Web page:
Yellow Transportation and Roadway recently joined forces and became YRC Worldwide. With most new ventures, a new logo is needed—hopefully something to communicate the core values of the combined businesses, or be relevant to the type of service that the new business provides. Unfortunately, the new YRC logo appears to have missed the mark on both accounts.
Representing the marriage of the two companies, the new YRC logo incorporates the Swamp Holly Orange from the old Yellow Corporation, and blue from Roadway. According to YRC, customers will be able to see familiar branding elements once the combined company identity is rolled out. While this is true with the orange and blue color scheme, the “swooshes” that incorporate these colors seem to have no relevance to either the old logo or the new venture. In what might be more relevant as a logo for boomerangs, these do nothing to build on existing brand equity, making the identity feel more whimsical than serious, which can be considered a negative when referring to a professional, multibillion-dollar transportation company. Lose the color “swooshes”, and the remaining gray shape is quite nice, as it evokes reference to the shape of the old Yellow logo.
The typography might be the greatest downfall of the new YRC logo. Typography in any logo should be legible, leaving no question about the company’s moniker. In this case, the “R” does not read well and the “C” does not match the width of the “Y” or the “R”. All three characters are severely modified and look awkward and clunky. If you asked Fred Flintstone to design a typeface for a corporation, it would look like this—not exactly the professional image a company of this caliber needs.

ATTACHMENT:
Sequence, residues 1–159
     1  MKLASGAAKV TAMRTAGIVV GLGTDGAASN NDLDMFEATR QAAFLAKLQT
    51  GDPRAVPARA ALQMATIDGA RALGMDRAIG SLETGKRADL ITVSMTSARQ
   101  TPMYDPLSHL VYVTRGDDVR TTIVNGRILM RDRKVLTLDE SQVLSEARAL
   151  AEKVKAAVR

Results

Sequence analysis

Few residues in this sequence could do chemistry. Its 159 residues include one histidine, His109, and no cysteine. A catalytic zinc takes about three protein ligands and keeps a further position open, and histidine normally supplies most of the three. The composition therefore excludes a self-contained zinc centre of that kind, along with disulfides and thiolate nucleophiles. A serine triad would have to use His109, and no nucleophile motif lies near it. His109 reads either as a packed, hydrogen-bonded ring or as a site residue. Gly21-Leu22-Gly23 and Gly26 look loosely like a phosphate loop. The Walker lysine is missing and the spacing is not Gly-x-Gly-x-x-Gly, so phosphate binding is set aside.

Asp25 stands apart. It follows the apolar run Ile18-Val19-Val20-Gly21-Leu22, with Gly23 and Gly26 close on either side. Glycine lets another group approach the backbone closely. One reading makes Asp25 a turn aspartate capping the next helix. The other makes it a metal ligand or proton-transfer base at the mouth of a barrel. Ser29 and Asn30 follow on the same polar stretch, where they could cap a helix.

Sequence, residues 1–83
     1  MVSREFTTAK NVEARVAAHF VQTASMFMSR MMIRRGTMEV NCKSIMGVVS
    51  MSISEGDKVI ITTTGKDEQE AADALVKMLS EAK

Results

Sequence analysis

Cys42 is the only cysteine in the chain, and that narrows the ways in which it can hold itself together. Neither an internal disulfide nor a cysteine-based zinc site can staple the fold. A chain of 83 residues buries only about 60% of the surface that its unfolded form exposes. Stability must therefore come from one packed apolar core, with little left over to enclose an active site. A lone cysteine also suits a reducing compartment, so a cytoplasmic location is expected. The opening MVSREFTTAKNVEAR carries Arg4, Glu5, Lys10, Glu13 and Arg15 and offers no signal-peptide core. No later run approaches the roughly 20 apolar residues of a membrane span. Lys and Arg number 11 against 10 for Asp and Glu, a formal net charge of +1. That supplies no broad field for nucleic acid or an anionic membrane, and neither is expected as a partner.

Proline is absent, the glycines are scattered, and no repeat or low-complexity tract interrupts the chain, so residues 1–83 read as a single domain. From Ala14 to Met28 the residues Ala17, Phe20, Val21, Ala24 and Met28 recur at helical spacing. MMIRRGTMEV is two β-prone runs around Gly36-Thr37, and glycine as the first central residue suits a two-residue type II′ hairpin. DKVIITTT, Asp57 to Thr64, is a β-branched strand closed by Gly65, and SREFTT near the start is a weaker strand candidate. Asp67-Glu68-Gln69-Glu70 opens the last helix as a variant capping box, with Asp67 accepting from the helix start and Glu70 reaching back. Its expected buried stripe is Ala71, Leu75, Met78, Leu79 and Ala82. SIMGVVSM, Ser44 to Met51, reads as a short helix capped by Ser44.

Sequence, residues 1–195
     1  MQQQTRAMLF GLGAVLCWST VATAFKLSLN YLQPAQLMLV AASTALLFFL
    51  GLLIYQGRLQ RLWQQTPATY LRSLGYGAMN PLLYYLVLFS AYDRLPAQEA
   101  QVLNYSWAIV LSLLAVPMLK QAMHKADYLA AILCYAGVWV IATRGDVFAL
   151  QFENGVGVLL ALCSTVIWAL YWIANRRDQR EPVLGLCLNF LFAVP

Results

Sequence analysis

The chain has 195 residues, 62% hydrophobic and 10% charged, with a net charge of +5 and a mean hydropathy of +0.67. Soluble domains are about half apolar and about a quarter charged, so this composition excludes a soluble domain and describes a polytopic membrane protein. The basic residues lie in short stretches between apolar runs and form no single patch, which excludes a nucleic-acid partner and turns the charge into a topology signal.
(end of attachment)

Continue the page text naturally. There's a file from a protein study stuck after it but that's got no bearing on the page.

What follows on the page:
I have to wonder if this is an example of corporate bullying: did the executives of YRC push themselves into the lead creative role when developing this new identity? While there should be a balance between the client’s goals and desires for a project, and letting the creative agency utilize their expertise to establish a logo for a company, sometimes this line is compromised, which doesn’t always end in a good solution. If so, this could explain the final solution, which is eerily similar to the Dairy Queen logo. I would expect a better solution from one of the largest transportation service providers in the world.
Overall, the new logo says very little about transportation or shipping. Maybe the slanted letters are intended to hint toward a forward motion, with the swooshes indicating a start and stop point and a return to the beginning – shipping to and from locations. It seems that more refinement could have been made to show the true nature of the business. In comparison to a similar company, the FedEx logo contains a very clever arrow between the “E” and “X,” which speaks directly about what they do—transport with speed and precision. Unfortunately, the new YRC logo is something that the world has to look at, although it might be well worth the risk to closing your eyes while passing one of their tractor-trailers on the road.
—Justin Leatherman, senior designer